• Life course experience and victimization: possible role for adverse childhood experiences.
• Possible genetic effects.
• Development of potential screening “biomarkers.”
• Role of forensic science.
• Elder monitoring and telemedicine.
Potential Areas for Further Research
The following section of the report outlines several areas in which further research on specific factors was suggested by workshop speakers.
Several workshop speakers suggested that increasing social support through community integration could help protect vulnerable adults from elder abuse. For example, better access to public transportation was discussed as a potential avenue for decreasing isolation. However, Acierno pointed out that research is needed to understand what types of social support are effective for preventing elder abuse and how they can be amplified, as well as which types are not effective, or possibly even harmful. Agnes Tiwari from the University of Hong Kong expanded on this point by commenting that, within the field of domestic violence prevention, which has been grappling with the issue of social support for years, one thing that has been learned is that even though the same principles may apply, different people need different social support. For instance, some people may prefer to have family members or friends involved in an intervention, while others might prefer that the people they know are not involved. The context in which the abuse or potential abuse occurs matters and the role of social support as a protective factor for elder abuse prevention needs to be better understood.
Evidence suggests a relationship between substance abuse and violence, both in victimization and perpetration, and some limited research suggesting a relationship between substance abuse and elder abuse specifically (Bushman and Cooper, 1990; Dolan, 1999; Sripada et al., 2011; Jogerst
et al., 2012). Wallace noted that alcoholism often does not start in late life, but rather is a factor that may have been ongoing across a lifetime that has results in complicated long-term social interactions. Several speakers agreed that there is need for more research on the relationship between substance abuse and elder abuse, and alcohol abuse and elder abuse.
Life Course Perspective
Wallace asked, “When does elder mistreatment begin?” He referenced some work that has been done in other areas of violence and abuse, such as violence against women, that links previous victimization with future victimization or perpetration. He suggested that researchers should be asking questions about previous experiences of violence to older adults as well, so the lifecourse perspective and early childhood adverse-experience effects on elder abuse can be better understood as a potential risk factor. Workshop speaker E-Shien Chang from the Rush Institute on Healthy Aging noted that from the data from the Pine Report, one-third of the victims who screened positive for elder abuse had experienced other types of abuse earlier in life before the age of 60 (Dong, 2013).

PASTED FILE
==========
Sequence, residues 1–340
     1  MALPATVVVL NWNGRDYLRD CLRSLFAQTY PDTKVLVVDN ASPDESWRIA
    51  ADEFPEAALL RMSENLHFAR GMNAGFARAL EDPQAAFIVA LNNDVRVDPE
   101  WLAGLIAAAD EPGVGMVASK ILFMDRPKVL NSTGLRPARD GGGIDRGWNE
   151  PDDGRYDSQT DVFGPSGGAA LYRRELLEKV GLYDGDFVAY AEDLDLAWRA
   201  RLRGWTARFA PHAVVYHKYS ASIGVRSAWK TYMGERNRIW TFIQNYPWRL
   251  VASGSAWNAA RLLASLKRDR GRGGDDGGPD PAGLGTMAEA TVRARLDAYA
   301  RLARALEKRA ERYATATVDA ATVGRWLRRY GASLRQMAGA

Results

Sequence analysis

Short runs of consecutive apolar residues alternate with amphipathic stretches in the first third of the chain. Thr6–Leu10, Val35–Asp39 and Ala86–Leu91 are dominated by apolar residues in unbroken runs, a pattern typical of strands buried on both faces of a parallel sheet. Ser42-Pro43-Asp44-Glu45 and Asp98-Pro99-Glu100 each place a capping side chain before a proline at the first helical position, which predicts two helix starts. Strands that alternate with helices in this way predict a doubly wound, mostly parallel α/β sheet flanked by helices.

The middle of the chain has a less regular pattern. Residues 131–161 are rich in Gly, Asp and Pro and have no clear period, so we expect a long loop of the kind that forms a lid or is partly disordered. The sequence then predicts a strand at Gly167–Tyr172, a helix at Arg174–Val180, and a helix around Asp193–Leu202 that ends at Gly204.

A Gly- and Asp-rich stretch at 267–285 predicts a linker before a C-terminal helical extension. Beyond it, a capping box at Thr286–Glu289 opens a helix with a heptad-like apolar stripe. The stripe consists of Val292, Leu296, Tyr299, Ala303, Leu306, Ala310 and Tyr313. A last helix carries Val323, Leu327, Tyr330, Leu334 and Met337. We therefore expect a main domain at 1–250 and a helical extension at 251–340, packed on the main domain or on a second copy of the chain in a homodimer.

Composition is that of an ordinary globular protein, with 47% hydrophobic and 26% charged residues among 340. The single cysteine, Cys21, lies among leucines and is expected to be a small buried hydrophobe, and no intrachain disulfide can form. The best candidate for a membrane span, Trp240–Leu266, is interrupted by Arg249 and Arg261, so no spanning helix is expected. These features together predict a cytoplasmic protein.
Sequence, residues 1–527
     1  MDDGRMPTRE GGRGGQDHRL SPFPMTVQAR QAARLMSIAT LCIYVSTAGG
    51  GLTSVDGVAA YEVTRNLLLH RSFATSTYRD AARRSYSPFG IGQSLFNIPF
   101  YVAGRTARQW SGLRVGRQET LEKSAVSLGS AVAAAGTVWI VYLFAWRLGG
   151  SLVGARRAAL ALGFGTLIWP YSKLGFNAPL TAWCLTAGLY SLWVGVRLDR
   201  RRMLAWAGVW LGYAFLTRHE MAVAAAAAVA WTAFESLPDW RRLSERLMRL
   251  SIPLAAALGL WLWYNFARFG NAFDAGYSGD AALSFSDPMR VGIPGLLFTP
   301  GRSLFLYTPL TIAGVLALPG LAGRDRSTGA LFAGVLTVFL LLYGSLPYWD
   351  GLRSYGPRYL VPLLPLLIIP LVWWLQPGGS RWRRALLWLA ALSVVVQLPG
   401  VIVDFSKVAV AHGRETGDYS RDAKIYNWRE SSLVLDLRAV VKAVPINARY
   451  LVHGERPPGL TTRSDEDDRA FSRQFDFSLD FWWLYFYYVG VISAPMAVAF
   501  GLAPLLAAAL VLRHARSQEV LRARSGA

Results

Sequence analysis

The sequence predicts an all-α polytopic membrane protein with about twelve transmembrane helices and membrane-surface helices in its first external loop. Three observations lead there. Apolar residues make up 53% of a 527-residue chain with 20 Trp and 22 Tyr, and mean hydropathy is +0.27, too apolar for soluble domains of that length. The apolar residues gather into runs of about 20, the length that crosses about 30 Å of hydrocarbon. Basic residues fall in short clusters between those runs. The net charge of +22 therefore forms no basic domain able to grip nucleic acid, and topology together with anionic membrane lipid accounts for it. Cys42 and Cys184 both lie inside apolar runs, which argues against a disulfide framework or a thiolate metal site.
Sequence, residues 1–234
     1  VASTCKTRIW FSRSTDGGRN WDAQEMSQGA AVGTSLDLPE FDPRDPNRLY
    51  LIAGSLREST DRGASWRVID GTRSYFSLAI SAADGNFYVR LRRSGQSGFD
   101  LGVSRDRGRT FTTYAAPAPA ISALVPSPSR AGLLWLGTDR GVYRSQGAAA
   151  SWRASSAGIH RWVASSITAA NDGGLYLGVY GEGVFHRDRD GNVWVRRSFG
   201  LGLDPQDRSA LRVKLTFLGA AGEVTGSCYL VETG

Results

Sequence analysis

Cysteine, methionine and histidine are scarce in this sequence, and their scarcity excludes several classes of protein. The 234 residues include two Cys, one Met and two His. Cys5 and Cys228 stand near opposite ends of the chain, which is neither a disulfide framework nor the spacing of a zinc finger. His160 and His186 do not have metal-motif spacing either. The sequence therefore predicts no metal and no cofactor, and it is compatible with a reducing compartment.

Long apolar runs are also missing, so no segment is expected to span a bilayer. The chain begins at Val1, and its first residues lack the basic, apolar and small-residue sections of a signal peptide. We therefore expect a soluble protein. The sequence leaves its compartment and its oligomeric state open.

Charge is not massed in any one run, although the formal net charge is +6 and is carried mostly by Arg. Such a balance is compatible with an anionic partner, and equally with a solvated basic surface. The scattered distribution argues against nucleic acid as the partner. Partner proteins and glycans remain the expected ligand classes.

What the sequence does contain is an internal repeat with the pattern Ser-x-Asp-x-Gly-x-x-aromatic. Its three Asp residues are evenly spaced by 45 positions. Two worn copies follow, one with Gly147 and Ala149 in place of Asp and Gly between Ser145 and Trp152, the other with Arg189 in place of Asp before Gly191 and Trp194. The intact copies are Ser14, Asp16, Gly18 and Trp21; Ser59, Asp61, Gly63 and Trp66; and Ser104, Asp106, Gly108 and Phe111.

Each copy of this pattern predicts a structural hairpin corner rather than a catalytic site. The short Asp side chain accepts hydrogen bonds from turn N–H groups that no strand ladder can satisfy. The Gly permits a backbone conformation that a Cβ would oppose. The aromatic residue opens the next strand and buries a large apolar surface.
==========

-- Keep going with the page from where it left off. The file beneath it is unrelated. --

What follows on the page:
Forum member Michael Phillips from the Shanghai Jiao Tao Medical School commented on the relationship between depression and elder abuse, particularly neglect and self-neglect. Depression can be a factor contributing to one’s decision to self-neglect; also, neglect can further exacerbate depression, creating a vicious cycle. The extent of depression in mistreated older adults is not known and, if left untreated, can lead to more abuse and other types of mistreatment. Phillips also noted that depression is treatable and that fact should not be overlooked, even in older adults. He suggested that more research should be pursued on the relationship between elder abuse and depression.
Hall asked, “Why focus on the aftermath of the abuse?” He noted that in assessing the magnitude and effect of elder abuse, the prevalence and incidence data only reveal a small portion of the public health burden of this problem. Abuse, neglect, and exploitation adversely affect physical and mental capacity and impairments, social positions, and structures. In addition, they may exacerbate existing health conditions that already affect an older person’s well-being and can render disease and prevention promotion activities ineffective or unrealistic. Abuse may place older adults on health